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New Year’s Resolutions

January 14, 2016
Kelly Corfman , MOV Parent

The New Year is a great opportunity to incorporate healthy changes into our lives. Too often, though, New Year's resolutions fail early in the year. Making and keeping resolutions can show children how to develop lifelong healthy eating and physical activity habits.

Children imitate the adults they trust, so it is important to model healthy habits for them!

A great way to develop resolutions that will create lifelong change is to make SMART goals. SMART goals are Specific, Measurable, Achievable, Realistic, and Time-bound. Let's take a resolution and make it SMART: Eat a healthier diet.

Specific- Pick something specific about the diet that you want to improve. For example, eating a diet filled with fruits and vegetables has great health benefits to help kids grow well and to keep adults full and healthy. An example of a more specific resolution is: Eat more fruits and vegetables.

Measurable- Having concrete numbers to aim for in your resolutions will help you be firm with what you want to achieve. It can also help get the kids on board. Use charts and stickers to measure your family's progress. Congratulate kids for reaching goals. A great guideline for fruits and vegetables is to eat 5-7 servings per day, so a measurable resolution might say: Eat 5-7 servings of fruits and vegetables per day.

Achievable- Don't set your family up for failure. Set goals that are a challenge, but that are still reachable. A daily amount of fruits and vegetables may be too much to keep track of, so start small. Involve kids in picking which fruits and vegetables they want to eat for breakfast or take to school for lunch. A more achievable resolution might be: Eat at least 1 fruit or vegetable at every meal.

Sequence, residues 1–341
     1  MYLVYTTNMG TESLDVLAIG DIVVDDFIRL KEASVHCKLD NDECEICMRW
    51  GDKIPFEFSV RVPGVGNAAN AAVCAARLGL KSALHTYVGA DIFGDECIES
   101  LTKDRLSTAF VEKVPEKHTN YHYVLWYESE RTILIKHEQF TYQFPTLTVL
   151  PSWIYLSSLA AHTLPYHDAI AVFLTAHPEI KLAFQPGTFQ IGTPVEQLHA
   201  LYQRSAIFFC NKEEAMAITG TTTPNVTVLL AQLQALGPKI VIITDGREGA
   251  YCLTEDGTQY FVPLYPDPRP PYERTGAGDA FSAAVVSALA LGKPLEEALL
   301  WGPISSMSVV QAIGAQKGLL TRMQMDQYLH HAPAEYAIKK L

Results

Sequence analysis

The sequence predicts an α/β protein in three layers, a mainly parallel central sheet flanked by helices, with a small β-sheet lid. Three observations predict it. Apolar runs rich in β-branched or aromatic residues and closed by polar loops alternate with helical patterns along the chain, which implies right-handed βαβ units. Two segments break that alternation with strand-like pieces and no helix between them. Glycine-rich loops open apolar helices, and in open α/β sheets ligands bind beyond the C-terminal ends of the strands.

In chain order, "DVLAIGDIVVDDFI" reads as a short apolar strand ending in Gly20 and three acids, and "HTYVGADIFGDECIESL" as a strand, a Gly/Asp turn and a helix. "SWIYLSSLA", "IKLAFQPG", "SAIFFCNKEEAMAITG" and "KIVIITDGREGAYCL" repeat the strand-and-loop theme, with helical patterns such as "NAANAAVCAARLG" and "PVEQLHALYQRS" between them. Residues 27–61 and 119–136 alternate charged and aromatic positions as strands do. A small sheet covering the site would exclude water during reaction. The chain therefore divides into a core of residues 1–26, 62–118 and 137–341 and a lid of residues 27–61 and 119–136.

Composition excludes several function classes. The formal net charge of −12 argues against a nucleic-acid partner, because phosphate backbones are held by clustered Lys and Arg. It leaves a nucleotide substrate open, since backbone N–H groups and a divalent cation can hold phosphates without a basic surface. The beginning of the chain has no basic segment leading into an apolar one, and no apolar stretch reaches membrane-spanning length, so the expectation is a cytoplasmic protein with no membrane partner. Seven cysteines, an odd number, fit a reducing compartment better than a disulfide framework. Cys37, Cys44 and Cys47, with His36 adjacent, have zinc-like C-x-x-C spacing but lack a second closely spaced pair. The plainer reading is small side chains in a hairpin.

Realistic- Benchmark where your family is currently, and base your goal off that. If your family currently eats 1 serving of a fruit or vegetable per day, eating 3 or more servings each day may be too much to achieve right away. Small improvements are still improvements, and you can always increase your goals as the year goes by. Try setting a realistic resolution like: Increase your weekly fruit and vegetable intake by 1 serving each week.

Time-Bound- You can choose any time frame that works best for you and your family. A time-bound resolution might say: Increase fruit and vegetable intake by 1 serving per day by next week. If your family continues increasing fruit and vegetable consumption, by January 1st of next year your family could achieve eating 5-7 servings per day! Start with small SMART goals and adjust them as your family succeeds.

Most importantly, be patient. There will be days where goals aren't met, and that's ok. Just remind your family of the goals you've set together and encourage them to get back on track to make your New Year's resolutions count!

Kelly Corfman is a graduate student in the Medical Dietetics program at the Ohio State University and a Dietetic Intern at Children's Hunger Alliance.

 
 

 

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